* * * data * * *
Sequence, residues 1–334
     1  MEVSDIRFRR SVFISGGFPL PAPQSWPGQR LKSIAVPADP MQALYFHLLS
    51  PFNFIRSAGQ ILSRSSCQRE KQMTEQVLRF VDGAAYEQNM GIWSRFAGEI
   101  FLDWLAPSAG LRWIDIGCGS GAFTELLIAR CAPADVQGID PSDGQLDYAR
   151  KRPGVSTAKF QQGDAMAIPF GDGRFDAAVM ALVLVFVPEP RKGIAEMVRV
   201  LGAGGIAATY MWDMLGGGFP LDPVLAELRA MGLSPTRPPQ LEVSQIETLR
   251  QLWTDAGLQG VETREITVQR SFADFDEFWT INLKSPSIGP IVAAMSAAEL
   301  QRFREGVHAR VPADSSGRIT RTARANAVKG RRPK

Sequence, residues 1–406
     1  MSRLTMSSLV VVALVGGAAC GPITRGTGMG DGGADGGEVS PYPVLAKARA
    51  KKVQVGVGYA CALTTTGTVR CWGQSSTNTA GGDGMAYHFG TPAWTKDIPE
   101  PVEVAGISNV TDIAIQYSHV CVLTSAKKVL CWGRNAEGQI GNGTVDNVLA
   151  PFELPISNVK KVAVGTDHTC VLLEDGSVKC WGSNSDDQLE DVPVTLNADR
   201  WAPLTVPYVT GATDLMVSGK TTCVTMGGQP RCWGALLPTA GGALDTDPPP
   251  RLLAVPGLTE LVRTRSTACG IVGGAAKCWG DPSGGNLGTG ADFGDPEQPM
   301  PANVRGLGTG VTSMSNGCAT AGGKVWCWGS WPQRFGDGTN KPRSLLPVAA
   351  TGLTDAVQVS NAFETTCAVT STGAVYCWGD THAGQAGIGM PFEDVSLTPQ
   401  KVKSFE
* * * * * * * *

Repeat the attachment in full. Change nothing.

Sequence, residues 1–334
     1  MEVSDIRFRR SVFISGGFPL PAPQSWPGQR LKSIAVPADP MQALYFHLLS
    51  PFNFIRSAGQ ILSRSSCQRE KQMTEQVLRF VDGAAYEQNM GIWSRFAGEI
   101  FLDWLAPSAG LRWIDIGCGS GAFTELLIAR CAPADVQGID PSDGQLDYAR
   151  KRPGVSTAKF QQGDAMAIPF GDGRFDAAVM ALVLVFVPEP RKGIAEMVRV
   201  LGAGGIAATY MWDMLGGGFP LDPVLAELRA MGLSPTRPPQ LEVSQIETLR
   251  QLWTDAGLQG VETREITVQR SFADFDEFWT INLKSPSIGP IVAAMSAAEL
   301  QRFREGVHAR VPADSSGRIT RTARANAVKG RRPK

Sequence, residues 1–406
     1  MSRLTMSSLV VVALVGGAAC GPITRGTGMG DGGADGGEVS PYPVLAKARA
    51  KKVQVGVGYA CALTTTGTVR CWGQSSTNTA GGDGMAYHFG TPAWTKDIPE
   101  PVEVAGISNV TDIAIQYSHV CVLTSAKKVL CWGRNAEGQI GNGTVDNVLA
   151  PFELPISNVK KVAVGTDHTC VLLEDGSVKC WGSNSDDQLE DVPVTLNADR
   201  WAPLTVPYVT GATDLMVSGK TTCVTMGGQP RCWGALLPTA GGALDTDPPP
   251  RLLAVPGLTE LVRTRSTACG IVGGAAKCWG DPSGGNLGTG ADFGDPEQPM
   301  PANVRGLGTG VTSMSNGCAT AGGKVWCWGS WPQRFGDGTN KPRSLLPVAA
   351  TGLTDAVQVS NAFETTCAVT STGAVYCWGD THAGQAGIGM PFEDVSLTPQ
   401  KVKSFE